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Thread: Delta - Wye Switch for 2 speed motor

  1. #1
    Join Date
    Oct 2004
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    Cool Delta - Wye Switch for 2 speed motor

    My Economaster lathe ( Made in Brazil ), has a 2 speed Brooks (Made in Canada). Unfortunatly the switch is long gone, and I would like to repace it.
    It is 220v 3PH 5/3 hp 1760/860 Rpm. It is wired for high speed right now. so -PLan A is to find a switch, Plan B is a VFD.

    Hopefully Plan A can be more cost effective.

    Any suggestions?

    Pat

  2. #2
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    Default

    You could always pick up 3 contactors off ebay and set up a Star-Delta switch over that way.
    M.

  3. #3
    Join Date
    Mar 2010
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    Default

    A VFD is a better choice, not only because of wide range speed control, but because it will likely be cheaper unless you find a surplus switch somewhere.

    RWO

  4. #4
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    I think Delta-Wye switching is commonly used in the UK and perhaps elsewhere to change the operating voltage of motors. It is also used to reduce starting current of large motors. I do not think it is used to change the number of poles to effect speed changes but it may just be a terminology thing and the same type of switch may be used for speed changing.
    Don Young

  5. #5
    Rosco-P Guest

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    Probably an application for a mutiple pole rotary switch. Does it also reverse? Have you asked this question at a motor rebuild place?

  6. #6
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    The 1600 version of the Colchester Bantam used a two speed too. Maybe there's a Clausing version that did 1600.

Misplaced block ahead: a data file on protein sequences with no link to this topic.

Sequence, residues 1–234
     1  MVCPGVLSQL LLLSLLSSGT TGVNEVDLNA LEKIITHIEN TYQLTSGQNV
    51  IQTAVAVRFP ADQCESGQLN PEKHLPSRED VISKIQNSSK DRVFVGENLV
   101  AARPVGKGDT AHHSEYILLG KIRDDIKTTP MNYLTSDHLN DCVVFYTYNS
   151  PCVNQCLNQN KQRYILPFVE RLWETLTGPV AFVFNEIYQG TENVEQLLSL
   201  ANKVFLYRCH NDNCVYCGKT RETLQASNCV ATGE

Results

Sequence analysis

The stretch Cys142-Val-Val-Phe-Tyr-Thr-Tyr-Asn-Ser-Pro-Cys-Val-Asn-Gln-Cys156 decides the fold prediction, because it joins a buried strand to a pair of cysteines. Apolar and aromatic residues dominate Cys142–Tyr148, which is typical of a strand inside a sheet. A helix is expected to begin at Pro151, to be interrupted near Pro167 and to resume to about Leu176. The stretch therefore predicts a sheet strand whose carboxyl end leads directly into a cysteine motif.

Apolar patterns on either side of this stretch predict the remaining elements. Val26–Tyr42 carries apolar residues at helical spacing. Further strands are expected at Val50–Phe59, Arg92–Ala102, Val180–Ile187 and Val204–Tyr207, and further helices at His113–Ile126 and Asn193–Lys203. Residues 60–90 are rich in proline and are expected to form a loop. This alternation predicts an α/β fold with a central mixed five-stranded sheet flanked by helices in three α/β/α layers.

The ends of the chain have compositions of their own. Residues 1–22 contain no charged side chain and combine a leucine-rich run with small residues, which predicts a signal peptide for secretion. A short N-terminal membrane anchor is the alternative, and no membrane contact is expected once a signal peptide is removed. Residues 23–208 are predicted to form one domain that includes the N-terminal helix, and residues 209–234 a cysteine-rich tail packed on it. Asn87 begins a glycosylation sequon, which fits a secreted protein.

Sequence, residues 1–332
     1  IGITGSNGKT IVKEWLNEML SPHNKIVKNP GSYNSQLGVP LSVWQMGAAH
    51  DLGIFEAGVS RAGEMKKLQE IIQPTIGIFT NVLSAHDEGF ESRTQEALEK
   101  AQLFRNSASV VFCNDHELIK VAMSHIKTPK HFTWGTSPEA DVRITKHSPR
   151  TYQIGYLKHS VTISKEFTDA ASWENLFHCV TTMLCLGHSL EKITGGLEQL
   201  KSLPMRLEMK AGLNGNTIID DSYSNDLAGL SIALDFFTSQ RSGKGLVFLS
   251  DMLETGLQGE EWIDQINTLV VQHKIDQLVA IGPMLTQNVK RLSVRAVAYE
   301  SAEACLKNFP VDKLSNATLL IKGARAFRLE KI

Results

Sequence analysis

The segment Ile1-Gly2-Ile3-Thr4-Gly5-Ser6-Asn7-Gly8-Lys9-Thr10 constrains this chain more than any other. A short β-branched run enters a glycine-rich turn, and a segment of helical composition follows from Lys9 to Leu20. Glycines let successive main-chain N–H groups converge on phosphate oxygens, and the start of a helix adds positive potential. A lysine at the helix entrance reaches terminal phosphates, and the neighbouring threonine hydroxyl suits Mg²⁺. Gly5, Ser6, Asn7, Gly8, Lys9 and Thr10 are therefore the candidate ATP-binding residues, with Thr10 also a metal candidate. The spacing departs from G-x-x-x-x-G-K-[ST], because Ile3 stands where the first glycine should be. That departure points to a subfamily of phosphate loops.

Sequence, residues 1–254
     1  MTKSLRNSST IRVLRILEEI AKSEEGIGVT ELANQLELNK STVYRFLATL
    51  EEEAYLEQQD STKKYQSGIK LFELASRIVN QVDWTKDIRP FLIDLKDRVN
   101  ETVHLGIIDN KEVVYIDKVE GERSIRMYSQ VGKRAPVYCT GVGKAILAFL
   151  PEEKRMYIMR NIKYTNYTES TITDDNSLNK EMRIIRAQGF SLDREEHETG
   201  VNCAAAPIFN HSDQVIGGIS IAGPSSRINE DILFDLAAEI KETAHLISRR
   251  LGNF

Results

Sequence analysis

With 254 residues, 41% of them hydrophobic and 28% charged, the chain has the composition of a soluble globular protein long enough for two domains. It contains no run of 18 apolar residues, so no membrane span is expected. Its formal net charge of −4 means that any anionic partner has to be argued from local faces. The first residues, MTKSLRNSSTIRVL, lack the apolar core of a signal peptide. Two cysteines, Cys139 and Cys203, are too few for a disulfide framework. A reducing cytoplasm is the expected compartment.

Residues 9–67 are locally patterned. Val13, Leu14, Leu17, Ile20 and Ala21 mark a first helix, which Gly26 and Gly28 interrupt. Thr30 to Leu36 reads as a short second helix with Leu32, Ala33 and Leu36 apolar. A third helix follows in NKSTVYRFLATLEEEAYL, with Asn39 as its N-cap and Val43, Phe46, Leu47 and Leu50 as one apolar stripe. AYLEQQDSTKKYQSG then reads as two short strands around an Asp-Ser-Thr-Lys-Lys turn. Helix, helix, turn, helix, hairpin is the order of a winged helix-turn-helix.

I haven't even got my new-to-me Bantam - not two speed - going in reverse yet. I'm running it with a static converter, and the wiring is on-going.

    I've kept a look out for two speed motors and switches for a few months now, but I haven't seen anything.

    But now I've just googles "Delta-Wye" and it seems it's what we call Delta-Star. That changes the voltage the motor will take, but not the speed - that's pole dependent - just as Don said.

    I don't know what the pole switching switches are called. From the Bantam manual, there's a rotary switch called the ESX 1311 PC that seems to be the two-speed switching part.
    Last edited by rohart; 02-06-2011 at 10:25 PM.
    Richard

  7. #7
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    yes, there is a delta-star (wye) speed change......

    It is a delta with center taps.... delta is the low speed, the polarities of the two windings in each arm are such as to be opposed and create extra poles.

    For high speed, the connection is to the center taps, and the apexes of the delta are connected for "double" star. That reverses some polarities, which causes the previously reversed windings to add with the others in phase to form fewer bigger poles.
    Last edited by J Tiers; 02-06-2011 at 11:02 PM.

  8. #8
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    Quote Originally Posted by J Tiers
    yes, there is a delta-star (wye) speed change......

    It is a delta with center taps.... delta is the low speed, the polarities of the two windings in each arm are such as to be opposed and create extra poles.

    For high speed, the connection is to the center taps, and the apexes of the delta are connected for "double" star. That reverses some polarities, which causes the previously reversed windings to add with the others in phase to form fewer bigger poles.
    That is very interesting and something I had not heard of. There are a lot of motor connection schemes in addition to the common well known ones. Thanks for the info.
    Don Young

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